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Regular version of the site

Simulations, Experiment and Predicative Theories of Behaviour in Social Sciences

2019/2020
Academic Year
ENG
Instruction in English
8
ECTS credits
Course type:
Elective course
When:
2 year, 1, 2 module

Instructor

Course Syllabus

Abstract

The course covers two important (both in science and in practice), but underrepresented in traditional sociological curricula, research approaches: experiments and simulations (mostly agent-based models) in social science. We focus (1) on contemporary approaches of explanation in social sciences and (2) on the set of methodological and software tools, enabling a social research relevant in ‘big data’ age. The theoretical part of the course introduces theoretical frameworks serving as the foundation of model building in social science. The practical part allows to get hands-on experience with analytical techniques and tools of Computational Social Science with a focus on (web-) experiments, decision- and agent-based models. We will discuss and practice explanatory mechanism construction and get skills necessary to analyse human behaviour in contemporary social settings, including cases when natural experiments are impossible or inefficient. In addition, we will discuss applications of social experiments and simulations in applied settings, including web- and business analytics, and User eXperience, e.g. A/B and multivariate testing, field UX experiments, allowing students to see applications of research skills to real world settings.
Learning Objectives

Learning Objectives

  • Choose an appropriate framework to analyse human decisions on micro and macro-level
  • Analyse, criticize and improve simple web- and agent-based designs of existing studies
  • Develop the explanatory mechanism on a phenomenon of interest
  • Develop the explanatory mechanism on a phenomenon of interest
Expected Learning Outcomes

Expected Learning Outcomes

  • Applies modern social research methods and models to study behavior, decision making and complex social phenomena using tools of computational social science
  • Formulates goals and research questions to observational, experimental and computational studies using modern tools of computational social science
Course Contents

Course Contents

  • Course Intro. Theory, Decisions and Models. Simulations and experiments. Digital Social Research
  • Observing Behavior using Digital Data
  • Research Questions and Methods. Experiments
  • Individual Decision Making - Optimization, Rationality, Utility, Cognitive Biases. Tools for Modelling Individual Decisions
  • Desire-Belief-Opportunity framework. Decisions and Influence in Dyads. Networks. Emergence of Friendship
  • Micro-Macro links in Complex Adaptive Systems. What is Agent-Based Model? Introduction to NetLogo - My first ABM. Creating ABM from scratch. Design Principles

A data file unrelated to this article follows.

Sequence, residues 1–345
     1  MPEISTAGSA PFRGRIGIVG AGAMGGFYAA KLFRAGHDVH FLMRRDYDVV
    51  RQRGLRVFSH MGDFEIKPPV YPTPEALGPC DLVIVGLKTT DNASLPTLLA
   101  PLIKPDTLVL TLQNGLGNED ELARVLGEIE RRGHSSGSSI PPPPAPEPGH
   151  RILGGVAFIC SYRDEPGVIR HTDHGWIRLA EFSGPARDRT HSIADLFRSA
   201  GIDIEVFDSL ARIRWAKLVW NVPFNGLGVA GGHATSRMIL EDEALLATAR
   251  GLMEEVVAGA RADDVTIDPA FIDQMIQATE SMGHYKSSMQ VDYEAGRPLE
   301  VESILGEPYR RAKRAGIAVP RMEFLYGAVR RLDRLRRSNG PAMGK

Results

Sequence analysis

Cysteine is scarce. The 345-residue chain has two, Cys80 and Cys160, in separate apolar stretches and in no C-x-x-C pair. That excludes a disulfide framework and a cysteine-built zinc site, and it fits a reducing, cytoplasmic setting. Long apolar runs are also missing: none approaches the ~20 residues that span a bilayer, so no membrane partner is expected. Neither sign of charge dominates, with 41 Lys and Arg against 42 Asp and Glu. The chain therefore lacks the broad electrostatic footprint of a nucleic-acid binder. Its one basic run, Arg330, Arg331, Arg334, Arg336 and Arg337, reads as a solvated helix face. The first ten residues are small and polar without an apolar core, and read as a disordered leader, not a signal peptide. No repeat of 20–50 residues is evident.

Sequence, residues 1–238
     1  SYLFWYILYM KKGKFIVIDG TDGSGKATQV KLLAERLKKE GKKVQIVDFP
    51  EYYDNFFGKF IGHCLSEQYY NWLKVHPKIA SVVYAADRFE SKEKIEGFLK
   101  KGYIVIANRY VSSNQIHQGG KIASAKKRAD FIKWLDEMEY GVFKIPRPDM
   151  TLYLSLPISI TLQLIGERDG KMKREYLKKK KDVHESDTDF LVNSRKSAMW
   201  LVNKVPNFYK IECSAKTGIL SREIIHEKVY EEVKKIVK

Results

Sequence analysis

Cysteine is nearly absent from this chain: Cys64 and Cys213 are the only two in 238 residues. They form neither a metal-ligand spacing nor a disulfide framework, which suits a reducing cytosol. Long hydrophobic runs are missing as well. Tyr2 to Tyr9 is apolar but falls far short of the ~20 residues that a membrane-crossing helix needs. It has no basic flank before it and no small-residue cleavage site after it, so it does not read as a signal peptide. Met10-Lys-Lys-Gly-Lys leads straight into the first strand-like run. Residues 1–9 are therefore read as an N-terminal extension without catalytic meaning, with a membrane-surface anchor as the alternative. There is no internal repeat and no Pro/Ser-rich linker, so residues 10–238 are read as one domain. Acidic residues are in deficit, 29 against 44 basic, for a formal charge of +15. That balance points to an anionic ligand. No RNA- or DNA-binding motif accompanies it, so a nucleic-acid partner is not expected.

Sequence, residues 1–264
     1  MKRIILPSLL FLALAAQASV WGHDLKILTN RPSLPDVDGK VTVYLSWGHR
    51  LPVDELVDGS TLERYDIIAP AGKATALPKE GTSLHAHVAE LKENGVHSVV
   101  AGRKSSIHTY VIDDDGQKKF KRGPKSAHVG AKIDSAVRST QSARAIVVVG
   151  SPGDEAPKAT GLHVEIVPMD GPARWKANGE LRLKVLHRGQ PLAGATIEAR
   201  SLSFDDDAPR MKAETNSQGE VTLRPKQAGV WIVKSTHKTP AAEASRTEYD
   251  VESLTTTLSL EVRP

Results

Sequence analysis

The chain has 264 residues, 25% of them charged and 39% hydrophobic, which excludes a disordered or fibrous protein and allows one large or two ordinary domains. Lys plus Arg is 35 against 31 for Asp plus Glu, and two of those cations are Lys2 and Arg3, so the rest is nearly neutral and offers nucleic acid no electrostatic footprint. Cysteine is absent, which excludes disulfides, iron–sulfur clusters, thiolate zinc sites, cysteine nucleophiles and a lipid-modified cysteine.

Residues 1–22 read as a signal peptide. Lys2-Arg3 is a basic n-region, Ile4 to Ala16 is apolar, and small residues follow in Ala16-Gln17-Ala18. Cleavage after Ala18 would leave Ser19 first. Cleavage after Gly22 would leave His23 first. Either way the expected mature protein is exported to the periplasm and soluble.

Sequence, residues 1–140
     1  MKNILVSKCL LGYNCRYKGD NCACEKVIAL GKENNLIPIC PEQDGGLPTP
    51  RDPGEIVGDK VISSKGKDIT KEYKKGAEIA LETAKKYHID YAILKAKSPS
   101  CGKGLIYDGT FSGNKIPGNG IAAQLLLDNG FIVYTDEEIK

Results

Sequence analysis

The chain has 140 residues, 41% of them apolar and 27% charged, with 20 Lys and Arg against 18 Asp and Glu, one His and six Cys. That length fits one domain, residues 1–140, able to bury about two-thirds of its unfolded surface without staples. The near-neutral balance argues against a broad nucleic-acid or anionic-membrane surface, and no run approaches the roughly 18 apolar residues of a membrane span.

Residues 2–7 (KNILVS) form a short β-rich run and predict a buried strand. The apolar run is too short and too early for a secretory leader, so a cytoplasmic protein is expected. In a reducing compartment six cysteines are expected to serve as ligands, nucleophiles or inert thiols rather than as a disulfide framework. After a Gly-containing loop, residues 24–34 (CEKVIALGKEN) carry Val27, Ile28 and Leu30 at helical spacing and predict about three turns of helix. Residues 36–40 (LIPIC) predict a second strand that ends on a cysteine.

• ABM-based Theory Construction and validation
  • Micro-Macro Link and Sociological Explanation
Assessment Elements

Assessment Elements

  • non-blocking Essay
    An essay is a written self-study on a topic offered by the teacher or by the student him/herself approved by teacher. The topic for essay includes development of skills for critical thinking and written argumentation of ideas. An essay should include clear statement of a research problem; include an analysis of the problem by using concepts and analytical tools within the subject that generalize the point of view of the author. Essay structure: 1. Introduction and formulation of a research question. 2. Body of the essay and theoretical foundation of selected problem and argumentation of a research question. 3. Conclusion and argumentative summary about the research question and possibilities for further use or development.
  • non-blocking Project
  • non-blocking In-class Participation
  • non-blocking Exam
Interim Assessment

Interim Assessment

  • Interim assessment (1 module)
    0.4 * Essay + 0.2 * In-class Participation + 0.4 * Project
  • Interim assessment (2 module)
    0.4 * Essay + 0.2 * In-class Participation + 0.4 * Project
Bibliography

Bibliography

Recommended Core Bibliography

  • Manzo, G. (2014). Analytical Sociology : Actions and Networks. Hoboken: Wiley. Retrieved from http://search.ebscohost.com/login.aspx?direct=true&site=eds-live&db=edsebk&AN=714658
  • Wilensky, U., & Rand, W. (2015). An Introduction to Agent-Based Modeling : Modeling Natural, Social, and Engineered Complex Systems with NetLogo. Cambridge, Massachusetts: The MIT Press. Retrieved from http://search.ebscohost.com/login.aspx?direct=true&site=eds-live&db=edsebk&AN=976350

Recommended Additional Bibliography

  • MacKenzie, I. S. (2013). Human-Computer Interaction : An Empirical Research Perspective. Amsterdam: Morgan Kaufmann. Retrieved from http://search.ebscohost.com/login.aspx?direct=true&site=eds-live&db=edsebk&AN=486557